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Negotiations between Russia and Ukraine are ongoing – here’s what might be part of a deal

Firefighters extinguish an apartment house after a Russian rocket attack in Kharkiv, Ukraine’s second-largest city, Ukraine, Monday, March 14, 2022.  (Pavel Dorogoy/Associated Press)

Peace talks have begun between negotiators in Russia and Ukraine, but as Russian forces continue pushing forward in Ukraine, there could still be a long way before a deal is reached.

Experts have mixed ideas about how the conflict will end, but most can agree it will take some compromising from both Russia, Ukraine and the West.

The fourth round of negotiations between Russia and Ukraine started Monday. Although no one really knows what goes on inside that room, Florian Justwan, associate professor of political science at the University of Idaho, said most people who are observing on the outside know what both sides ultimately want.

Russia wants Ukraine to formally pledge that it will not join the North Atlantic Treaty Organization, which formed at the end of World War II in response to security threats by the Soviet Union. Russian President Vladimir Putin has consistently pushed against Ukraine joining NATO.

Russia has also demanded Ukraine formally recognize the annexation of Crimean Peninsula, which Russia invaded in 2014. It also is calling on Ukraine to recognize independence of the Donbas region of the country, two provinces that border Russia and have been controlled by separatist governments since 2014.

Ukraine has called for immediate demilitarization and withdrawal of all Russian forces.

Ukrainian negotiators have said talks are productive and there may be some movement toward a deal in coming days.

What a peace deal may look like, however, remains unknown.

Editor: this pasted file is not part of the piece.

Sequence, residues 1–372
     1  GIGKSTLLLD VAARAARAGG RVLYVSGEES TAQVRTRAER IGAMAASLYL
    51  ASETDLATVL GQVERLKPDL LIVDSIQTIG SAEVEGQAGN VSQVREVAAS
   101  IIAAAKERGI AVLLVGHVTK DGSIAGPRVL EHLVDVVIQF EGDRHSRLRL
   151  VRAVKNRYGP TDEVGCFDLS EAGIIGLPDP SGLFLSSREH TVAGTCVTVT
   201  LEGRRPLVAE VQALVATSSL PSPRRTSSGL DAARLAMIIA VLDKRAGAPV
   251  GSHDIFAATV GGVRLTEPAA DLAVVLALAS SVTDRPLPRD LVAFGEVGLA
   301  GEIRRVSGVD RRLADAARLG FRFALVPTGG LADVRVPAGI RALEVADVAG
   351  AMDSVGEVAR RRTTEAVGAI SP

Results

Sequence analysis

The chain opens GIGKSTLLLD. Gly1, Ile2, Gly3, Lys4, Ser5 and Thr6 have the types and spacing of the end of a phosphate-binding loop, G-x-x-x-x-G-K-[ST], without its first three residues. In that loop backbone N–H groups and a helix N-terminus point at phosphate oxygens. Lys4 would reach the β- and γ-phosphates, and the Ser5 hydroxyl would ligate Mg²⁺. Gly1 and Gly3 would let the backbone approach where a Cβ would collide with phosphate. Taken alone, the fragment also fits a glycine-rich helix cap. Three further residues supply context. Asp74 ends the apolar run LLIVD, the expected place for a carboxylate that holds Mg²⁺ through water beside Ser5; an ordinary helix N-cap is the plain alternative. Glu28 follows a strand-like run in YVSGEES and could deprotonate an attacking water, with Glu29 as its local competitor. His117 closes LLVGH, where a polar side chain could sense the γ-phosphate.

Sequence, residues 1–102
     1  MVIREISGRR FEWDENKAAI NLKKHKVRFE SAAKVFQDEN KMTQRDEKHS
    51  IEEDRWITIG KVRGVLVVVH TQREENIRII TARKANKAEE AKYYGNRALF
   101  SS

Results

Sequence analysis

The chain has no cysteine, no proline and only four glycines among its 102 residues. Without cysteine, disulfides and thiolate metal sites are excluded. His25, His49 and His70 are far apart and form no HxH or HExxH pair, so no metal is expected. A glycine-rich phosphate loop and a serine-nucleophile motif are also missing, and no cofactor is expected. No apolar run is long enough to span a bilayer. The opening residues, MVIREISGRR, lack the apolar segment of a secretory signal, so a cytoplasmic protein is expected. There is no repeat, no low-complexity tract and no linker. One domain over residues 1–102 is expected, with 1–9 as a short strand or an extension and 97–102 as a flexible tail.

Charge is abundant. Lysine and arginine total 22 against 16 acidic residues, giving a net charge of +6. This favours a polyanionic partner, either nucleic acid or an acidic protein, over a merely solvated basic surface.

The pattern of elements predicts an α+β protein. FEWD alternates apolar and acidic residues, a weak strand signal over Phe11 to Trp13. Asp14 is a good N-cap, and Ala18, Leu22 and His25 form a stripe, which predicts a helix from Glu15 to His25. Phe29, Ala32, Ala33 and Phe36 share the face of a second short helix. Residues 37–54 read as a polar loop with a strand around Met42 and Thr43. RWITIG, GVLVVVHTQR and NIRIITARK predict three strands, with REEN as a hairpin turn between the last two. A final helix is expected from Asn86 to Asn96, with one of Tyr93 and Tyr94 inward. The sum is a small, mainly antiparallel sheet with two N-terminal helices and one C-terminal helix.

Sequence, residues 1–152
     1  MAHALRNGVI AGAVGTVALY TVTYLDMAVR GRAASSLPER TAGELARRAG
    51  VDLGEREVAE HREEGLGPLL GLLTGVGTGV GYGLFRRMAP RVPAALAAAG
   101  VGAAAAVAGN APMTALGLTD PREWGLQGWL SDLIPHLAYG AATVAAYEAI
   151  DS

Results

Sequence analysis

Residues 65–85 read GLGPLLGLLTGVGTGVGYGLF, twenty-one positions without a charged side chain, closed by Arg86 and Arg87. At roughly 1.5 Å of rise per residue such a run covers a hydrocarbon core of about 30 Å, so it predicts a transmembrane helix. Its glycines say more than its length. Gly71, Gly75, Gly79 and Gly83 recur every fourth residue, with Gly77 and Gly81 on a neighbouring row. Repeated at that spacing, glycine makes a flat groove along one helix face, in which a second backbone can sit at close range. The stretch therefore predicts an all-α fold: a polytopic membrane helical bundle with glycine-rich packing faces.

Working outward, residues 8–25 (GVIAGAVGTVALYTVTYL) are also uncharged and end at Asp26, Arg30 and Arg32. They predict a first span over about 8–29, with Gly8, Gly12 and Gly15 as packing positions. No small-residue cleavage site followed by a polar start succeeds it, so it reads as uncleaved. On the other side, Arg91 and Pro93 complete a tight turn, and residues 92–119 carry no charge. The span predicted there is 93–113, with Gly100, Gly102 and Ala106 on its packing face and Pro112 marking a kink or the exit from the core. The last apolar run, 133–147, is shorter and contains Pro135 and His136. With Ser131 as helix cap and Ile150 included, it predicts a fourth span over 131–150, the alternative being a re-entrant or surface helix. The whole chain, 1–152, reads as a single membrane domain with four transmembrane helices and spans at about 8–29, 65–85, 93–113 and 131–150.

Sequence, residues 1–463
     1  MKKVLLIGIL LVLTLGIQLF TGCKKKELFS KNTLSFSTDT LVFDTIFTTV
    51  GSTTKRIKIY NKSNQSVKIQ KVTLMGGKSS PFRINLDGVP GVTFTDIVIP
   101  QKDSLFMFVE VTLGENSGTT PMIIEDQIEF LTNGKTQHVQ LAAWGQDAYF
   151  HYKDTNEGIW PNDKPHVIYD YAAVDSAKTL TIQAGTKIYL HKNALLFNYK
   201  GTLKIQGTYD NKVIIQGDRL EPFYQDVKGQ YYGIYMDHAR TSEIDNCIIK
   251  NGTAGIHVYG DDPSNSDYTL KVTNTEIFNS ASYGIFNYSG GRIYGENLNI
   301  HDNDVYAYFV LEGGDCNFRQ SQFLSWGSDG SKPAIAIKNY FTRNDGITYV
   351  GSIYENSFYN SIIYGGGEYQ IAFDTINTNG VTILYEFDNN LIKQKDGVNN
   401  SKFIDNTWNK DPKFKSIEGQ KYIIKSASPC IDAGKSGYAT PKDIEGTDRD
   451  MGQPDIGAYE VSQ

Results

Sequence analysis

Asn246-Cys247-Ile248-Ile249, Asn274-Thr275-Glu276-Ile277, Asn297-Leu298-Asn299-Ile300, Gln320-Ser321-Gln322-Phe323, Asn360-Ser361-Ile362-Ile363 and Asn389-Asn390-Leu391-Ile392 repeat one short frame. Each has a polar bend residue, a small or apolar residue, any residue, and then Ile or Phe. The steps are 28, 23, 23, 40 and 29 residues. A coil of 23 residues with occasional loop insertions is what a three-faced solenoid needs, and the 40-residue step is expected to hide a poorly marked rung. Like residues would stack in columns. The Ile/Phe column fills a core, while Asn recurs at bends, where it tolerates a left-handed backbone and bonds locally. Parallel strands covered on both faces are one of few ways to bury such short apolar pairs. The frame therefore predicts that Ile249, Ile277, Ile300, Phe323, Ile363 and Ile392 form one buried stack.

Majid Sharifi, director of the international affairs program at Eastern Washington University, said Ukraine granting regional autonomy – a separate government, military and police force – to the Donbas region, recognizing Crimea as a part of Russia and pledging to remain militarily neutral “is doable, pragmatic and it should be done soon.” In return, he said, Russia would need to give up its hopes of controlling any part of Ukraine.

“The best situation is to come to a compromise,” Sharifi said. “There is no military solution to this conflict.”

The question that remains is to what extent both sides are going to be able to compromise on those wants, Justwan said. For Russia, a compromise would have to include something Putin can sell as a win to his own citizens, Justwan said.

One option, Justwan said, would be going back to the “political status quo” prior to the crisis, but that would likely require Ukraine to promise to stay out of NATO. For Russia, returning to something similar to where they were prior to the conflict could be “costly” for Putin, Justwan said.

“The difficulty here is Russia has now spent so much money, so much material and has invested so many lives into this military conflict,” he said.

On the other hand, the West will likely not allow Putin to achieve all of his aims with this war, especially if it comes to questioning the territorial integrity of Ukraine, Justwan said.

Kristin Edquist, professor of political science and international affairs at EWU, said concessions from the West and NATO might need to happen in order to bring an end to the military conflict. Without Western concessions, she said, it would be hard to see Russia ending what seems to be a “scorched earth policy.”

Russia has long felt threatened by NATO and its expansion and has argued that Ukraine has violated terms of a 2015 agreement meant to end disputes in eastern separatist regions in Ukraine backed by Russia, Edquist said.

“It would be very hard for them to walk away with nothing,” Edquist said.

Though the West has played a significant role by supporting Ukraine with money, equipment and sanctions on Russia, Justwan said it will ultimately be up to Ukraine’s leaders to decide what kind of deal they are willing to accept.

Another question that remains is when a deal will be reached. Though Ukrainian negotiators say there could be substantive progress within days, Justwan said it could still be a while.

Oftentimes, negotiations tend to be the most successful when a “mutually hurting stalemate” – what political scientists call the point when the cost of continuing a struggle exceed the benefits for both sides – is reached, Justwan said.

Observers do not think the conflict, which has only gone on for 18 days, is there yet, Justwan said.

Editor’s note: This article was changed on March 15, 2022, to add more context from Kristin Edquist.

Laurel Demkovich's reporting for The Spokesman-Review is funded in part by Report for America and by members of the Spokane community. This story can be republished by other organizations for free under a Creative Commons license. For more information on this, please contact our newspaper’s managing editor.